The Silent Wife by A.S.A. Harrison

Reviewed  by Becky Benoitbook review

All marriages involve compromise, to some degree. All honeymoons eventually end, and virtually every couple is forced to consider our beloved’s flaws and vices and ask ourselves, “What am I willing to put up with?” For most of us, these annoying quirks and habits are little more than irritants – dirty socks left lying in the midst of the bathroom floor, toast crumbs in the butter, or maybe a tendency to hog the covers on cold winter nights.

For most of us, chronic infidelity is the ultimate deal-breaker, one of those non-negotiable lines we refuse to step over. Under no circumstances can we imagine letting our spouse step out on us and simply standing by in mute acceptance. This isn’t the 19th century, after all. Why would anyone tolerate such treatment in this day and age?

In A.S.A. Harrison’s gripping debut novel, she explores how a solid marriage can slowly but surely erode over time, when selfishness and complacency become a way of life that can only be ended by a truly shocking act of violence.

Jodi and Todd have been married for years, and theirs is a life of comfort and complacency. Over the years, the passion and spark have long since died out between them – Todd’s taste for extramarital affairs with all manner of women has taken its toll on the marriage – but on the surface, both seem more or less happy with their arrangement.

The ‘don’t ask, don’t tell’ policy affords both Jodi and Todd a great deal of freedom, and while Todd pursues younger and younger women, Jodi’s happy to lunch with friends, dedicate herself to her career as a therapist, and spend quiet evenings preparing extravagant dinners for her often-absent husband.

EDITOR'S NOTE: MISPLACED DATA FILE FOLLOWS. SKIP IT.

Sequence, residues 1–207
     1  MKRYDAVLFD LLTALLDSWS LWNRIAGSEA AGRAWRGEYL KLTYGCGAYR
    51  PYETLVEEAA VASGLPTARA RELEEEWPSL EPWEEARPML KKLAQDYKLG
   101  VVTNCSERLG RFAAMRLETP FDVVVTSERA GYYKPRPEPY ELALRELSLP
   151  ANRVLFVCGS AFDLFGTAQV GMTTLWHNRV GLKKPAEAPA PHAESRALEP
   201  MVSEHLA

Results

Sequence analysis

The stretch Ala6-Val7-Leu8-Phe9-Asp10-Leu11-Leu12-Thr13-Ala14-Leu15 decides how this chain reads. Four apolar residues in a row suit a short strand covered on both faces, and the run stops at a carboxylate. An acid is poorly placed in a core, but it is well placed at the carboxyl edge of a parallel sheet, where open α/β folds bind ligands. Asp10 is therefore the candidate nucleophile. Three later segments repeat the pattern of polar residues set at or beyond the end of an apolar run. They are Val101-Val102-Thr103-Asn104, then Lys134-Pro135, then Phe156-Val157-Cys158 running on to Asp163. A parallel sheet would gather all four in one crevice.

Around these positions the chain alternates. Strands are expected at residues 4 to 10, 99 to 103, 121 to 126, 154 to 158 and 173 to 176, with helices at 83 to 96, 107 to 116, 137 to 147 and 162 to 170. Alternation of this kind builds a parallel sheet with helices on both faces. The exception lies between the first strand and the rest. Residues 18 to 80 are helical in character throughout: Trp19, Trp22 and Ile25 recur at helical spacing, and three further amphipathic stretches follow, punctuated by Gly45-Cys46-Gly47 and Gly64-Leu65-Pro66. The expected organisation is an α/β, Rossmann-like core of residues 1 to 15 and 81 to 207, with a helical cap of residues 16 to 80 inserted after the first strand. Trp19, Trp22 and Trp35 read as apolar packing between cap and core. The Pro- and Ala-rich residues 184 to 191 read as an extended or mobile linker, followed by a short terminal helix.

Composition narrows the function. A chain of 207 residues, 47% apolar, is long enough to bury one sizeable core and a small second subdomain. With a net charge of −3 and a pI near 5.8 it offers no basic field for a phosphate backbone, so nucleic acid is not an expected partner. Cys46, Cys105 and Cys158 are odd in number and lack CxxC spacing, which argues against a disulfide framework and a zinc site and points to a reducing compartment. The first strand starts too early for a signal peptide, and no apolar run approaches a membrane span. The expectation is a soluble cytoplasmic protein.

The façade of a happy marriage begins to crumble when Todd takes up with a much younger woman, the seductive daughter of Todd’s oldest childhood friend. Almost against his will, Todd’s relationship with the lovely but fiery young Natasha seems to take on a life of its own. Without knowing quite how it happened, Todd finds himself a father-to-be with a willful girlfriend who has none of Jodi’s calm complacence.

As Todd gives in to Natasha’s demands that he move out, start divorce proceedings against Jodi and plan for their impending wedding and child, Jodi does her best to pretend that none of this is happening. When Todd’s lawyer sends an eviction notice, Jodi simply ignores it. Todd is no better – when he and Jodi meet, he’s the picture of a contrite husband, longing for the life he once had. But once he returns to Natasha, he’s ready to turn his back on Jodi without a second glance.

Jodi’s steely calm begins to erode in the face of Todd’s betrayal, and she slips deeper into a downward spiral of depression, barricading herself in her home like an ostrich with its head stuck stubbornly in the sand. She can see no way out of her predicament…until a “helpful” friend suggests a solution which is both horrifyingly final and guaranteed to end the cold war raging between her and Todd.

This book was absolutely gripping. Told from both Jodi and Todd’s perspective, it paints a vivid picture of a marriage imploding from within, with both participants seemingly incapable of stopping their slide towards the precipice of mutual destruction.

It’s tragic that author A.S.A. Harrison didn’t get to appreciate the fruits of her success. She died of cancer in April of this year, just as The Silent Wife was beginning to rack up rave reviews and critical acclaim. It seems certain this talented author would have enjoyed a long and successful career had her life not been so tragically cut short, based on this very enjoyable first novel.

This book will pull you in and keep you flipping pages, even as you rave against the silent wife’s complicity in her own misery and her husband’s spectacular selfishness. A good read, even if the spare, pared-down prose makes for the occasional slow patch.


4 teacups